Luxury Explorer Review

5-Star Hotel Review


United Kingdom

A press baron's opulent retreat

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Surrey Hills, England.

Travel Information

A 40-minute train ride from London Waterloo to Leatherhead station, which is a 10-minute drive from the hotel. It’s just 35 minutes from Gatwick airport.

Top Tips

Kids will love the den in the woods with a £75,000 treehouse. On rainy days, head for the private cinema.

5-Star X-Factors

The Suites, The Dining Room and the secret grotto in the garden. Burrowed into a hill, the space is completely covered in ornate sea-shell art, and pre-dates Lord Beaverbrook’s arrival.


Set in the heart of the Surrey Hills, this spectacular country house was once the home of Lord Beaverbrook, the mischievous press baron who was a minister to Sir Winston Churchill. Churchill holidayed here, alongside illustrious other guests like Elizabeth Taylor, Rudyard Kipling and Ian Fleming, all of whom have bedrooms named in their honour. Designed by interiors guru Susie Atkinson (of Soho House fame), and featuring a superb Japanese restaurant, this is a stylish and opulent escape with the joy of Lord Beaverbrook’s bygone hedonism apparent throughout.

Escape to the country

Beaverbrook is a late Victorian neo-classical mansion set in a 400 acre estate, in the heart of the rolling Surrey Hills. It offers uninterrupted views of the surrounding countryside, and a sense of complete tranquility - yet it is only a 40 minute train ride from central London. The local area is popular for its country walks, cycling, golfing and quintessentially pretty English villages.

Stories to tell

Beaverbrook is so much more than a country house hotel. It oozes flair, character and history. Stepping through its doors and into the light-filled domed atrium at its heart, with paintings of Spitfires and with upbeat swing jazz playing in the background, it feels that this house has stories to tell.

With just 18 suites in the main house, Beaverbrook feels boutique. Having seen all of the bedrooms, each room is extremely individual, all with immense character, making it hard to pick a favourite. History buffs will love the ‘Churchill’ room, which features his original sink, an antique loo and the desk where he used to paint (though it lacks in views at the back of the house). Book worms will love ‘Rudyard Kipling’ with framed extracts of his writing displayed on the walls. The ‘superior turret rooms’ in the eaves of the house have exclusive large private terraces that overlook the spectacular grounds. I stayed in ‘Elizabeth Taylor’, a charming, spacious and sensual celebration of the actress and her love story with Richard Burton. With pastel interiors, and portraits of the actress around the room, the room exudes romance with a vast four poster, sofa and balcony overlooking a formal garden.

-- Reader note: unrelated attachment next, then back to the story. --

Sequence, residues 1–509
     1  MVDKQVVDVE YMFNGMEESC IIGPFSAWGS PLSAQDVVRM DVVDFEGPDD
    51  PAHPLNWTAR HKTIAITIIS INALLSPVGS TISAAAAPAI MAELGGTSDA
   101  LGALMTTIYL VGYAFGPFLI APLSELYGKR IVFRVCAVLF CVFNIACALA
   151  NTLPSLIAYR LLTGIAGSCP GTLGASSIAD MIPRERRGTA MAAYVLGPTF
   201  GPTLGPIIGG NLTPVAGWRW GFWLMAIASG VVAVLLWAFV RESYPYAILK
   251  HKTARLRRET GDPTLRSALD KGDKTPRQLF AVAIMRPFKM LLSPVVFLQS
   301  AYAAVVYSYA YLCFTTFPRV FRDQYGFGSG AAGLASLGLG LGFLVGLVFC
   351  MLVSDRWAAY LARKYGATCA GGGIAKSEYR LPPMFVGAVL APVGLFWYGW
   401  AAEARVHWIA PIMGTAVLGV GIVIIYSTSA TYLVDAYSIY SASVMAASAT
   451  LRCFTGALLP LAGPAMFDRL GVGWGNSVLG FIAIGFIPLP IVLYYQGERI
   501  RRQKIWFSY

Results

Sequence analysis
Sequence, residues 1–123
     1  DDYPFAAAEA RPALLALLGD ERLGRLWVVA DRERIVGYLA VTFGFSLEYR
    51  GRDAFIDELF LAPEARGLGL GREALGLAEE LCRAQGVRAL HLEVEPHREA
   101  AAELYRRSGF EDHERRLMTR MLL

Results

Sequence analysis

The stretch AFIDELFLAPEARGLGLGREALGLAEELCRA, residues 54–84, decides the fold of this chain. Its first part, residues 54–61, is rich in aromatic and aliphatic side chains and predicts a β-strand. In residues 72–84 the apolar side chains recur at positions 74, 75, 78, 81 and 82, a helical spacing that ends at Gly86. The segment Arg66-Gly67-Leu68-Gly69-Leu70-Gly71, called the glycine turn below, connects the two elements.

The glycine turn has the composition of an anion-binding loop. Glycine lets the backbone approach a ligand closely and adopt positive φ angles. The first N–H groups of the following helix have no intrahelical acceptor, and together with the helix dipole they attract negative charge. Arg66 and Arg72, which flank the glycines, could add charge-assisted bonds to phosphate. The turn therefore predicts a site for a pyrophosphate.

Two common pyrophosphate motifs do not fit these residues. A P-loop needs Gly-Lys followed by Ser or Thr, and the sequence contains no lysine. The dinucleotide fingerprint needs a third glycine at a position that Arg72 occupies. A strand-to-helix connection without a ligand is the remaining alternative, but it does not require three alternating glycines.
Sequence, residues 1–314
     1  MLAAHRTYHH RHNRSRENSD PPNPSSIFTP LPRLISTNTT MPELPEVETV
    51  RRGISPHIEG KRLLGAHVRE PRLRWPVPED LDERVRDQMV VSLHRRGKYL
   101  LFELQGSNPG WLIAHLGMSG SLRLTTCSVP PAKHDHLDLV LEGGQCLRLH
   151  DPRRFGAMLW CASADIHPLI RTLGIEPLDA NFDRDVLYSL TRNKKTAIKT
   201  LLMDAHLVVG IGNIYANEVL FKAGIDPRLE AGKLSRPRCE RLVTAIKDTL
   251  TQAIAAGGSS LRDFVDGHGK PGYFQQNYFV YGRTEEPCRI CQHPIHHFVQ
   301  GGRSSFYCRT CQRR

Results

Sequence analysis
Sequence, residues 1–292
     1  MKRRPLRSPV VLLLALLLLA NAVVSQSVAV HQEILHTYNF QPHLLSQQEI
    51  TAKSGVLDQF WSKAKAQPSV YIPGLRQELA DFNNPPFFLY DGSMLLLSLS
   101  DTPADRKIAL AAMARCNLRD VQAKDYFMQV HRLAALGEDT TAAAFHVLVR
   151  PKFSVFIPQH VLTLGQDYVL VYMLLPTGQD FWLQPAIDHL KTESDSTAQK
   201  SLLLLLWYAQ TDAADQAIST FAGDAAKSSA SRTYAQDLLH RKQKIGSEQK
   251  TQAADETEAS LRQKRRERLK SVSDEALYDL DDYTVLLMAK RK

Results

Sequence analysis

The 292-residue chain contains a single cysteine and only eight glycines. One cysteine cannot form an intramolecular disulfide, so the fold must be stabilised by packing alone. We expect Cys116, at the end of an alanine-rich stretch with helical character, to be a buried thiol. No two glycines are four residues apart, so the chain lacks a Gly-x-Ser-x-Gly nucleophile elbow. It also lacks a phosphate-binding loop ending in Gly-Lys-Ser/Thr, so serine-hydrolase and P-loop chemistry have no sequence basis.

All the bathrooms here are delightful - really the epitome of luxury. 'Elizabeth Taylor’ has a double shower (for Liz and Richard), and a freestanding bath looking out onto the grounds.

Show-stopping Suite

If you’re looking for the all out showstopper, then book the ‘Dowager suite’. Larger than most London apartments, this suite features an enormous four poster bed, comfy sofas, spectacular views over the east facing balcony, and a dramatic bathroom with an egg-shaped bath facing the sash windows looking onto the grounds.

All rooms have flatscreen Apple TVs, Bamford toiletries, a complimentary bottle of Sipsmith gin, and underfloor heating. Whichever room you pick, it will feature quirky and memorable features that have been carefully curated. Experiencing the house’s design really feels like an experience in itself.

Downstairs is the bright and cosy sitting room, a lovely spot for reading the papers and a cup of tea. The library is steeped in history, lined from top to bottom with old books of all shapes and sizes, with a cosy fire at its heart. The cinema, considered the first of its kind in the UK, can be booked for screenings free of charge. It was used by Churchill to catch up on Pathe newsreels, and features beautiful Art Deco panelling and lighting.

The Parrot Bar

The piece de resistance of Beaverbrook, though, is the Parrot Bar. Taking its name from the original parrot mural above the bar, and with doors opening out onto a sweeping countryside vista, this is a haven of tropical decadence, with printed silk and palm print tassel lampshades, velvet sofas and stools, and brass fittings. The bar offers excellent bespoke cocktails as well as Japanese-inspired snacks - a taste of what’s to come in The Dining Room.

The Dining Room is a fabulous Japanese restaurant, with a menu devised by ex-Nobu chef Taiji Maruyama. It’s got a waiting list of months, but if you’re staying at the House you can bypass the queue. I loved the popcorn shrimp, sushi and sashimi platter, and the black cod. The food tastes wonderfully fresh as there is an emphasis on sourcing ingredients from the estate’s garden, where possible.

Take a stroll (or a golf buggy) through the grounds to reach the Garden House, another part of the hotel with a selection of bedrooms and an additional lovely restaurant. Overlooking the hotel’s kitchen garden, it offers Anglo-Italian cuisine and has a relaxed and airy ambience. The sage and ricotta gnocchi and juicy scallops are some of many menu highlights. The Garden House is also home to a cooking school.

There’s more to come here at Beaverbrook. At the end of August the Coach House Spa will be opening, designed by the renowned glass architect Brian Clark. It will have six treatment rooms, using homemade oils from the plants, fruits and flowers of the estate, as well as a sauna and steam room, hammam, indoor-outdoor pool and gym, and onsite deli. An excellent excuse to return.

Holly Rubenstein
Holly Rubenstein

Luxury Explorer
Luxury Explorer

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